I spend far more of my life than I would like on buses. This enforced use of public transport is on the verge of leaving me with the tolerance levels of a particularly crusty old Tory lord. Why can’t people behave on buses? It’s simply ghastly. So I’ve decided to write down the unwritten rules of public transport.
1. No Eating.
The golden rule. Buses, unlike trains, do not come with trolleys and buffet cars. Well, there’s a very good reason for that. Being on a bus for a few hours resembles a tin of sardines enough without having to smell like sardines. Now, I realise you may get peckish on the four hour spin to Dublin. Some foods are acceptable on buses. Here’s a good rule of thumb- if it’s dry, it’s probably OK. Chocolate, fruit, nuts and seeds- all odourless or even pleasant. Supermacs garlic cheese chips, tuna, Stilton- just no. And if I could ban one food from buses- egg sandwiches. You may enjoy them, but nobody else wants to bask the atmosphere of a sulphuric fart for a long journey.
2. No Talking.
The silver rule. This is a shout-out to all the weirdos who have attempted to talk to me on buses over the years. I DO NOT WANT TO TALK TO YOU. People who are reading books, studying or listening to music should never ever be interrupted, unless you’re tapping them on the shoulder to say, “Excuse me, I believe the bus is on fire.”
You might think it’s harsh. You may think it’s a poor reflection on modern society that people no longer have time to talk. Whatever. Put it this way. In my last year of my undergrad, I had to talk to people all week in college, and then when I went home I had to talk to people all weekend at work. The bus was the only time I didn’t have to talk to people at all. It was my only scope to be myself- a misanthrope- and I didn’t enjoy having it interrupted.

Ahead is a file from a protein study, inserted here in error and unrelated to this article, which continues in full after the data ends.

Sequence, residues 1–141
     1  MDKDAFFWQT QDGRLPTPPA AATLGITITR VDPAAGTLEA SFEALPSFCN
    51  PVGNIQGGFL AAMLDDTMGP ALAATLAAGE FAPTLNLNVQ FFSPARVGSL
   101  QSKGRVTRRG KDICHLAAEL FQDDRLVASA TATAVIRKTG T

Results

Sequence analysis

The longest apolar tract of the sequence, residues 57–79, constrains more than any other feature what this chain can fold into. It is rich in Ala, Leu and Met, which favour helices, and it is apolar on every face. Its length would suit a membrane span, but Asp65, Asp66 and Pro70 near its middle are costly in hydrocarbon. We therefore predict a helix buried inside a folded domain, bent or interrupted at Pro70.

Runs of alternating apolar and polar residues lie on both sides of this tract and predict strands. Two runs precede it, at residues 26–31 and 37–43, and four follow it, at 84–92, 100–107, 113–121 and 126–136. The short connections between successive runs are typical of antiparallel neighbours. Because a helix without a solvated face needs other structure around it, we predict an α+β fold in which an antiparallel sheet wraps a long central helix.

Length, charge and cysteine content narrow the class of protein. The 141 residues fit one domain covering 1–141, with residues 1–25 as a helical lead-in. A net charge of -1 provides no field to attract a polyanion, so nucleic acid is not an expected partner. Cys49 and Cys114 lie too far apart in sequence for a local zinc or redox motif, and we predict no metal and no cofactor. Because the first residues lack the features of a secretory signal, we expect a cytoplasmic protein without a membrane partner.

3. If You’re Friends, Sit Together.
On a long bus journey, it’s nice to get a two seats to yourself. It’s not always possible, but it’s nice. In what appears to be a growing and worrying trend, people who are friends with each other are taking up not just two, but four seats, and then talking to each other through the gap between the seats. Look, I know it might be someone in your class you don’t know too well, but when it becomes clear that you’re going to spend the entire trip chatting, move and sit together, especially if the bus is full. Which brings us neatly onto…
4. Don’t piss off people with lots of luggage.
The bus is full and you arrive on at GMIT. You have a huge gearbag. Who do you sit beside? The person with a rucksack, laptop case and a guitar, or the person with no luggage at all? Choose wisely, because the wrong answer leads to one or both of you getting cramps in your calves because you have no room for your feet.
5. No PDAs.
Your boyfriend may like seeing the inside of your mouth, but I don’t.
6. Keep the volume down.
Sedate your children, use earphones to listen to music, save that heated call to your ex until you get home, and silence the voices in your head.
7. Don’t tell the bus driver your life story.
Old ladies are prone to this. He really doesn’t care, and neither does anyone else.
8. Don’t spend the journey taking pictures of yourself for your Facebook profile.
Seriously, I saw some guy do this once.
And finally… Enjoy yourselves! No, really. When you get your own car, where will the hilarious anecdotes about junkies shooting up in the backseats come from then?
This article first appeared on April 17 2012.